Posted: Dec 02, 2022 7:43 pm
OlivierK wrote:
THWOTH wrote:I guess it depends on what we mean by credible. The 2022 IPCC full Climate Change mitigation report (PDF 105MB) (see Chapter 2) said there is only one credible pathway to limiting warming to 1.5°C (>50% confidence, or; more likely than unlikely) - a truly massive reduction in fossil fuel extraction and use by 2030 accompanied by serious measures to achieve global net zero by 2050. However...

"Global GHG emissions in 2030 associated with the implementation of nationally determined contributions (NDCs) announced prior to COP26 would make it likely that warming will exceed 1.5°C during the 21st century. Likely limiting warming to below 2°C would then rely on a rapid acceleration of mitigation efforts after 2030. Policies implemented by the end of 2020 are projected to result in higher global GHG emissions than those implied by NDCs. (high confidence)."

IPCC AR6 Summary for Policymakers Headline Statements B.6

In short, what isn't credible are governments' policy commitments to reducing global GHGs, and the longer they leave it the harder it becomes.

So we have to understand what credibility is here, and not let policy makers or the media etc conflate it with possibility.

If we don't reach net zero until 2050, then we have 3 more decades of rising CO2e, which translates to 3 more decades of warming at or above current rates, which would take us to 1.7C, or possibly more. Then even if we achieve net zero in 2050, that doesn't stop warming, because we'll still have 400ppm+ C02/500ppm+ CO2e in the atmosphere, which means we're headed for close to another 1C by 2100. It's wishful thinking to suggest that we can have lower than current rates of warming with higher than current GHG levels.

We're not in disagreement here. Everything you say is true: if we stopped emitting GHGs today we're still looking at a 0.3-0.5°C increase in global temperatures over the next 60 or so years due to the longevity of CO2 in the atmosphere combined with with factors like the loss of cooling aerosols that accompany GHG emissions and the heat-battery effect of the oceans. The risks of ecological and climatic tipping points tipping over continue to rise with temperatures, and the likelihood of the system reaching a new, hotter steady state increases. That 0.3-0.5°C increase includes the slight offset created by the deep oceans' absorption of CO2, which means that the total warming by the end of the century would be about 0.2-0.3°C lower than if the amount of CO2 in the atmosphere remained constant. With global mean temps around 1.1°C over pre-industrial levels, stopping GHG emissions tomorrow is still more than likely to overshoot the 1.5°C max measurement by the end of the century. But...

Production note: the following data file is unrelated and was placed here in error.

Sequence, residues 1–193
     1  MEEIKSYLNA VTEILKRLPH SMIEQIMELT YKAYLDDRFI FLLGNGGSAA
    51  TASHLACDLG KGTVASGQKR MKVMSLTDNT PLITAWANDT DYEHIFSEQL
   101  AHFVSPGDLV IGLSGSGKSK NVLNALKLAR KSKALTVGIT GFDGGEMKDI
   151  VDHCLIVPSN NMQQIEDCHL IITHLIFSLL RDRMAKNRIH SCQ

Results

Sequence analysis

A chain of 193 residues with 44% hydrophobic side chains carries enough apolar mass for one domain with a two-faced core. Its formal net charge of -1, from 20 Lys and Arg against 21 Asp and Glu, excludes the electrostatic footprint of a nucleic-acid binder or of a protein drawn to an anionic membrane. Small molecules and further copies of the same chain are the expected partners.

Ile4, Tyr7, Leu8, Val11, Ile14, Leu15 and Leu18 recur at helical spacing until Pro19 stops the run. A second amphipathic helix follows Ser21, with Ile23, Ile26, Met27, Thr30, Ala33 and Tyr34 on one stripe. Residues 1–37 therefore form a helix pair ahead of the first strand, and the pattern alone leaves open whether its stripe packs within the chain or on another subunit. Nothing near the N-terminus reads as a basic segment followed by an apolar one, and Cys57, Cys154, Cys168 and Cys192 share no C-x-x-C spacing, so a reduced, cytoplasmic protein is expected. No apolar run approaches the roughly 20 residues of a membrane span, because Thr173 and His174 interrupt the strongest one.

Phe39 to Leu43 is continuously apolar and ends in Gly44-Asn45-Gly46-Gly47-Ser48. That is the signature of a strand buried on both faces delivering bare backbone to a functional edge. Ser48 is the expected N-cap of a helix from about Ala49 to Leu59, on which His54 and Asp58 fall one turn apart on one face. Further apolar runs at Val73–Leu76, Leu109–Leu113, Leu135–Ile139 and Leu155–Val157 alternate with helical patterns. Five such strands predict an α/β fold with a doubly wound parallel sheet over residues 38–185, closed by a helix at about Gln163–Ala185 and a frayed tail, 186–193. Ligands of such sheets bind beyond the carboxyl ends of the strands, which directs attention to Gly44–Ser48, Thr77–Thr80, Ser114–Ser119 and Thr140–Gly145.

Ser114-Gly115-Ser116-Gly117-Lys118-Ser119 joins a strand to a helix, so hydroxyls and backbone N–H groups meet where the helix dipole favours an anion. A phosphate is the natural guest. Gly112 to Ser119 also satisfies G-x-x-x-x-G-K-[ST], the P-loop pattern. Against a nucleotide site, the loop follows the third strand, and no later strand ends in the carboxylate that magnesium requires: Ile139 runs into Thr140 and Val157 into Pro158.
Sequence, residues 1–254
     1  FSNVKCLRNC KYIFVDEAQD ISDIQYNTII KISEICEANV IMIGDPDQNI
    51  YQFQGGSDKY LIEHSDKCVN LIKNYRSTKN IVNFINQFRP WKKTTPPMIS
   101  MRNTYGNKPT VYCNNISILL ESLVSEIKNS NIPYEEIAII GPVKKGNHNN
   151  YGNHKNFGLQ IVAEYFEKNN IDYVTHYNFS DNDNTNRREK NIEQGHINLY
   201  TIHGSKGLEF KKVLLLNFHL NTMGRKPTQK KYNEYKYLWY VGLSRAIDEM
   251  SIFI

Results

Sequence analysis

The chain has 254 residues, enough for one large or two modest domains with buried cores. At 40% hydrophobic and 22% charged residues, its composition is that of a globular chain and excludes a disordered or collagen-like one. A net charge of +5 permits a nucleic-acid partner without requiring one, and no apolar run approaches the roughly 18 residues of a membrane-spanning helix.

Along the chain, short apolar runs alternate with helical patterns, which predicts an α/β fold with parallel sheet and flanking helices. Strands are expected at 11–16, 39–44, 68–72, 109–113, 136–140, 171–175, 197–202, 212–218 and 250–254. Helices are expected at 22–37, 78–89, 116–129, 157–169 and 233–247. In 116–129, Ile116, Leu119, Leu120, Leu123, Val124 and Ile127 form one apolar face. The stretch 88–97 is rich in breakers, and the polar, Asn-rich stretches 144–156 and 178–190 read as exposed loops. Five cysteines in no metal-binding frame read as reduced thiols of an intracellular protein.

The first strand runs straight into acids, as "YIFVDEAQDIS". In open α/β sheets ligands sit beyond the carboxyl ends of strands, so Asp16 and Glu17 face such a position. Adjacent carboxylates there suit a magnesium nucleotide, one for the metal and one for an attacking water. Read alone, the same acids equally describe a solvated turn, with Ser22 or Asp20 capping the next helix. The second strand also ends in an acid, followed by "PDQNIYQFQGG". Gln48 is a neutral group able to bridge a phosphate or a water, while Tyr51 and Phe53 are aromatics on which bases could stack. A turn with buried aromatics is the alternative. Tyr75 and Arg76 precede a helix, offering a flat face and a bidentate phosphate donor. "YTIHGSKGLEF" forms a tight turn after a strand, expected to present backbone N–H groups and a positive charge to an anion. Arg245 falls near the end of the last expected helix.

But 1.5 is only a measurement marker. It's not like everything is fine below 1.5 and bad over it. Keeping temps below 1.5°C is not a target. Every reduction in emissions reduces the energy capacity of the system and thus reduces eventual peak temperatures, even given the long time-scales in and inertia of that system. But what did Marilyn Strathern say, "When a measure becomes a target, it ceases to be a good measure."?

Which again brings me to my point about the 'credibility' of limiting global temps to 0.2-0.3°C above current levels, i.e. to 1.5: a massive reduction in fossil fuel extraction and use to 2009 levels by 2030 and a concerted and rapid effort to achieve global net-zero by, at the latest, 2050. I'm put in mind of the school climate protestors slogan from 2019: "System change, not Climate Change!" This, it seems to me, is the discussion we're not having in responses to the 'credibility' problem: while we're collectively focussing, and/or being focused, on the 'no credible pathway to 1.5' statement we're not focussing on fundamentally changing the social, economic, and political systems which have brought us to the very edge of the precipice.

So why are we not talking about rapidly shifting our societies and economies to 100% renewable energy, why are we not hearing compelling arguments for investing in recycling/reclaiming even more energy from what we throw away, considering the practicalities of undertaking massive reforestation projects, or outlining the significant changes in land and water use or agricultural practices we can adopt, for example? I lay this one squarely at the feet of governments.